The Dec. 31 agenda of the Wright County Board of Commissioners will include a consent agenda item dealing with retaining the lobbying firm of Flaherty & Hood to represent Wright County’s interests during the 2020 session of the Minnesota State Legislature.
Commissioner Mike Potter said that, while there are differing views on the value vs. the cost of counties and cities hiring lobbyists to help get their concerns heard, he added that it’s become the new normal and, even if you’re opposed to it, if you don’t have lobbyists and an opposing side does, the odds of you getting what you want diminish.
“It’s kind of the rule of the sandbox down at the Legislature,” Potter said. “The lobbyists have the connections to get your message in front of the some of the legislators. Any of us could go down there and talk to them, but, by the time that day ends, they’ve had 50 other people talk to them. How are they going to remember you? That’s the rule of the sandbox. Whether you like it or not, that’s how the game is played in St. Paul.”
Flaherty & Hood’s proposal is largely based on its experience in dealing with issues related to nuclear power plants. It also represents the Coalition of Utility Cities, of which the City of Monticello is a member. The state and Xcel Energy have been at odds for years over the value of the facility. Initially, the plan was to phase out the power plant in Monticello by 2030, but recent discussions have hinted the plant could remain operational for another eight to 10 years beyond the scheduled closure date.
Because the Xcel nuclear plant is the largest single tax-paying property/business in Wright County, whether it continues to operate is of critical importance to both the city and the county because of the amount of tax it pays both each year.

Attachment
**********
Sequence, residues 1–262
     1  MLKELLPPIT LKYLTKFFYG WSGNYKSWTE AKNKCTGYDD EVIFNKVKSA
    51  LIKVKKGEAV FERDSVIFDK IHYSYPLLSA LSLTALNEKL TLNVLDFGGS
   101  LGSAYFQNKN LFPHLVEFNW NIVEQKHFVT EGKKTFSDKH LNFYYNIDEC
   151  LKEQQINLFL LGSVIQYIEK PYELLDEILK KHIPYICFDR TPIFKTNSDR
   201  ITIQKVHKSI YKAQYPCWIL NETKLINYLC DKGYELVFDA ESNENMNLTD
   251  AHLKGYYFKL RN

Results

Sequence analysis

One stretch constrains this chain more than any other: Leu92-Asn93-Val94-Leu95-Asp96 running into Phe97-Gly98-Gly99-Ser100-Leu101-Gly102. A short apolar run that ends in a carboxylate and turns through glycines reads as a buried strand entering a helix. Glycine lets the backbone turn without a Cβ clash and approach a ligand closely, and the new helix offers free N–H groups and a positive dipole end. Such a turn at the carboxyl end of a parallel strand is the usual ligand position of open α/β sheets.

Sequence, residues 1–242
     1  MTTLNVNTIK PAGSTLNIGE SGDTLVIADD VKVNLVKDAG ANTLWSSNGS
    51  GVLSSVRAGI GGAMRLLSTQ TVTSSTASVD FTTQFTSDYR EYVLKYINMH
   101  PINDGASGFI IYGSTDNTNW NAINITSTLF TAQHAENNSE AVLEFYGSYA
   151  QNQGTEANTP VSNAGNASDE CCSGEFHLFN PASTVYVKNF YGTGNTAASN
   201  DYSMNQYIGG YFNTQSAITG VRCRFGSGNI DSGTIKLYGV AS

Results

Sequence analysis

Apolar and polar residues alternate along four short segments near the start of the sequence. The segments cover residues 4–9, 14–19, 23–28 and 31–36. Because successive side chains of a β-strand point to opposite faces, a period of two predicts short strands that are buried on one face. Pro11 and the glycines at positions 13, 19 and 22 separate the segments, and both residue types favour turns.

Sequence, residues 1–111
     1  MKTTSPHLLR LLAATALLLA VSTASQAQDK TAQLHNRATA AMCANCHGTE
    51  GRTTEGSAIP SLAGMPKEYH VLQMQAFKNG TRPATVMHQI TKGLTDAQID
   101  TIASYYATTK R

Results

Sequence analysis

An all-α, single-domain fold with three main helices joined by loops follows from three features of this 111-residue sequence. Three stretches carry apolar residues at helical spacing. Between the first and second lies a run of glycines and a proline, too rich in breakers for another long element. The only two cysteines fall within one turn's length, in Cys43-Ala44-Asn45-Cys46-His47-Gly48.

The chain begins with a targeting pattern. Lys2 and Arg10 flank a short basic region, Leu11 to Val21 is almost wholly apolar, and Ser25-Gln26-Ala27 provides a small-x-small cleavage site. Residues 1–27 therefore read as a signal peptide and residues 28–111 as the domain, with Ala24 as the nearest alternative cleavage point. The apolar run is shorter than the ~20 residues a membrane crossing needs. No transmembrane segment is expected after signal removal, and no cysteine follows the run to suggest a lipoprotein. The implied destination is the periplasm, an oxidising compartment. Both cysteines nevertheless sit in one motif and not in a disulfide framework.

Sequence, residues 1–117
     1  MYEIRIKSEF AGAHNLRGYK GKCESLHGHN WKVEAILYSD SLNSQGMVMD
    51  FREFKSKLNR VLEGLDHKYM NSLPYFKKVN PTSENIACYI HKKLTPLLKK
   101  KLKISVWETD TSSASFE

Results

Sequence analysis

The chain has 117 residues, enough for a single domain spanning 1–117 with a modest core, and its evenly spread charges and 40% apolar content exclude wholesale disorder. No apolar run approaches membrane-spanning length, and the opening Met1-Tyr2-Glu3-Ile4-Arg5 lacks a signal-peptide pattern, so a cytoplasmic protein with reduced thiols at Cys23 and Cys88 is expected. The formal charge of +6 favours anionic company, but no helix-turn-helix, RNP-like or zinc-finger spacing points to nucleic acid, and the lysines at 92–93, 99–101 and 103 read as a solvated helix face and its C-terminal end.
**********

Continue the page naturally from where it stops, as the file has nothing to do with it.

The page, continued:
The proposed contract that has been submitted by Flaherty & Hood for 2020, which has a not-to-exceed figure of $55,000, would also deal with regulatory issues related to ditch drainage (an ongoing issue in Wright County) and pursuing state funding for a local dental center project in the county.
The contract will provide the county with consultation on developing legislative priorities and strategies, drafting necessary legislation and amendments, securing bill authors, directly lobbying with committee chairs, key legislators and the governor’s administration, updating and creating supporting materials and handouts highlighting county issues, monitoring the progress of relevant bills and coordinating testimony for legislative hearings.
Potter said that Xcel Energy has a lobbying contingent claiming that its property valuation, which, unlike most properties, is set by the state not by the county, is more than 35 percent higher than its true value. As a result, Xcel has been pushing hard to lobby the Legislature and state and federal leaders to markedly lower its valuation – and, in turn, the amount of property tax it pays. To that end, Potter added, whether you’re pro- or anti-lobbyist, you need to protect your interests as best you can or be left out of the discussion completely.
“The big thing I’ve told my constituents is that you need to be at the table to have your voice heard,” Potter said. “We can’t be down in St. Paul every day. We need someone working on our behalf on key issues like the nuclear plant and transportation issues that are important to the residents of our county. I’ve always said that if you aren’t at the table, you’re on the menu and you get nothing accomplished that way. This way, we’re at the table and part of the conversation.”